2. Arising Needs: School Districts Struggle to Fill Mental Health Positions. “The school psychologist shortage rages on, with one federal study predicting deficits of more than 10,000 full-time psychologists by 2025. But districts have been exploring nontraditional options to provide comprehensive care to all students. The shortages are significant and severe, to the point where we’re in somewhat of a potential crisis,” says Eric Rossen, director of professional development and standards at the National Association of School Psychologists.” 
    3. Arising Needs: Texas Needs Thousands More Special-ed Teachers. “Now that Texas has removed the cap on special-education enrollments, the state will need an estimated $3 billion in additional funding and almost 9,000 new teachers to serve an estimated 30% increase in the number of students who need support and services. Already facing a teacher shortage, the state is offering grants to schools that need special-ed teachers for additional student evaluations.”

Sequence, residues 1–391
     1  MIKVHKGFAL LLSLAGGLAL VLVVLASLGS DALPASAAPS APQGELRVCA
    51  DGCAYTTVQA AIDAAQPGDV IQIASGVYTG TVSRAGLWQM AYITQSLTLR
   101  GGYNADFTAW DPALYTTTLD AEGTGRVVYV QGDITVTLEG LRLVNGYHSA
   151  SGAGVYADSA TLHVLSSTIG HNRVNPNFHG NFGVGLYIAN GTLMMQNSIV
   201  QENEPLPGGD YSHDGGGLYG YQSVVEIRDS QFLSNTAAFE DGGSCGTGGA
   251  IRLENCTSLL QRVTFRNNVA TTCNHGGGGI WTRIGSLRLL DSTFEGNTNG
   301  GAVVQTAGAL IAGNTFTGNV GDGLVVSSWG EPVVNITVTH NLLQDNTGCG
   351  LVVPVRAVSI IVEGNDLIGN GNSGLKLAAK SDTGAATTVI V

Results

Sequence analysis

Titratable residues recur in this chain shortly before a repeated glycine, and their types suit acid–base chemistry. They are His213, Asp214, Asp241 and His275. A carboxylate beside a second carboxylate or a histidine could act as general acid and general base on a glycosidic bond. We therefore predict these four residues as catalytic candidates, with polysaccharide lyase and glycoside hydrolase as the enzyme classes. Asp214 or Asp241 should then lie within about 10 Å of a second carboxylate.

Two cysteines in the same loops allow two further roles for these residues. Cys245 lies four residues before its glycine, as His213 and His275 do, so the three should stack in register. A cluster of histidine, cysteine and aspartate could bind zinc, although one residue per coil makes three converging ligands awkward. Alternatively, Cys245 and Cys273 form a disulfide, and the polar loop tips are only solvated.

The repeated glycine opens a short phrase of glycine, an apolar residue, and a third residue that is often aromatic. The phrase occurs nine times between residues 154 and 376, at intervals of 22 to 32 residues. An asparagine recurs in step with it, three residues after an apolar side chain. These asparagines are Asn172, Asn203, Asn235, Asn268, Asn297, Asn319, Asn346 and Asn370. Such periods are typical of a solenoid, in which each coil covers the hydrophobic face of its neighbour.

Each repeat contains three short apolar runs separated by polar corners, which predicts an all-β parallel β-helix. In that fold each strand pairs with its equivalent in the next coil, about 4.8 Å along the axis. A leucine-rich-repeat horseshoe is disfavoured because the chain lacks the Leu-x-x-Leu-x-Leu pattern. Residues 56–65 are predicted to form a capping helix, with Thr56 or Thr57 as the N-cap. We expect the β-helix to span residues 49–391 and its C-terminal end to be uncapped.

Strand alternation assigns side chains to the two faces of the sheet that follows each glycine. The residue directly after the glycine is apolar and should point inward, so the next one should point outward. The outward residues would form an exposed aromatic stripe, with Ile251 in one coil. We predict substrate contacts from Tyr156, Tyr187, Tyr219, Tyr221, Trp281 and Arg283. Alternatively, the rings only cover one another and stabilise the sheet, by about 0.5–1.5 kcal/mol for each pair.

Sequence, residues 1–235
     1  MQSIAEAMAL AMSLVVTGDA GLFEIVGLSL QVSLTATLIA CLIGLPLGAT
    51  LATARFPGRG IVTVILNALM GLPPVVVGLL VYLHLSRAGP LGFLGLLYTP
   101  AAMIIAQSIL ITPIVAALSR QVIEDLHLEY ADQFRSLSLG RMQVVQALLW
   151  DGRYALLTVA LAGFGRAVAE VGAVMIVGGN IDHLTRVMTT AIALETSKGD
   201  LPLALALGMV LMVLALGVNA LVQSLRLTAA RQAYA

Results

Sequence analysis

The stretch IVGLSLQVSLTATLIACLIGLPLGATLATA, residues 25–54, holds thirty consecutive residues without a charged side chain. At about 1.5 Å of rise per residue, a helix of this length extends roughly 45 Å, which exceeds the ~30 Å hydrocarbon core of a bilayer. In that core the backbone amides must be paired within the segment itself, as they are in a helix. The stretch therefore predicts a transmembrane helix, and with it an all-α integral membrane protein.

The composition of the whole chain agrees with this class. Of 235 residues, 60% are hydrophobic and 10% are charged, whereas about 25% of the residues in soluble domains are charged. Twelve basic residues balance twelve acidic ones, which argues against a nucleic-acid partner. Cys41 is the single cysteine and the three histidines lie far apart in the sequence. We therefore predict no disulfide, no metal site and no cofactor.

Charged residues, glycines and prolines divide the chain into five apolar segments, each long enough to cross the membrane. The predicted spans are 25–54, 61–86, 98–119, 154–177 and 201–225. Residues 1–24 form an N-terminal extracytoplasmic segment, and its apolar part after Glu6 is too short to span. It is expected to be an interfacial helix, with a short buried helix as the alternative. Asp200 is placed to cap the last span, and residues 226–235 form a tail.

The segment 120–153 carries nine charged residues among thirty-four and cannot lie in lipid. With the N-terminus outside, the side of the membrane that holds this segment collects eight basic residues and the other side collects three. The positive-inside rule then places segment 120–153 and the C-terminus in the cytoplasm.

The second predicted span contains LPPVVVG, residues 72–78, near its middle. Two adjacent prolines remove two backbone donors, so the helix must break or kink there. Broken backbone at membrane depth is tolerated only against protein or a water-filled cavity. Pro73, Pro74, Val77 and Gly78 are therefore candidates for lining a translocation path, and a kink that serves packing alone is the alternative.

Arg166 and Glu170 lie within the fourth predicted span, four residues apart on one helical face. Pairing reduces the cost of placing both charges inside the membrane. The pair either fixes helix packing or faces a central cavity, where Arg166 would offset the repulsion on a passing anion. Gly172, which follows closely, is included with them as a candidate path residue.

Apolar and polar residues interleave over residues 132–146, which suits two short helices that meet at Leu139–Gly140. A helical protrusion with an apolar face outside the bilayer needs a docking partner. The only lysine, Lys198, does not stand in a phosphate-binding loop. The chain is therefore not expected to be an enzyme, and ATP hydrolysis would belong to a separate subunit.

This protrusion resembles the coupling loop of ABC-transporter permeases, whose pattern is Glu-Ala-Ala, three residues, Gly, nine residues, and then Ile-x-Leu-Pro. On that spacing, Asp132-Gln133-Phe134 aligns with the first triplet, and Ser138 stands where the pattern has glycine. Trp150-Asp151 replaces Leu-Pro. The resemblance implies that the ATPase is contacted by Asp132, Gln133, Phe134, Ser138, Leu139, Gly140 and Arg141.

4. Arising Needs: Teens are Anxious and Depressed, and Turn to School nurses for help. But Most Illinois Schools Don't have One. “To meet the new demands, school nurses are offered extra training in mental health as well as resources from the National Association of School Nurses. They are adding relaxation rooms to the typical beds in the nurse’s office, and they have had to develop detailed cooperation plans with school guidance counselors and social workers, who are trained to handle such issues but, for better or worse, are not always the first stop for students seeking a nurturing response in a school building.” 
    5. Bills & Counseling: Merkley proposes mental health counselors in all public schools. “Marking National Suicide Prevention Week, Sen. Jeff Merkley, D-Ore., and Rep. Katherine Clark, D-Mass., announced the introduction of the Elementary and Secondary School Counseling Act, new bicameral legislation they said would help fill the critical unmet need for school-based mental health services providers in elementary and secondary schools in America.” Co-sponsors bill to 'fill critical unmet need'. 

  • 30 Nov 2018 6:32 PM | Jenaveve Tucker (Administrator)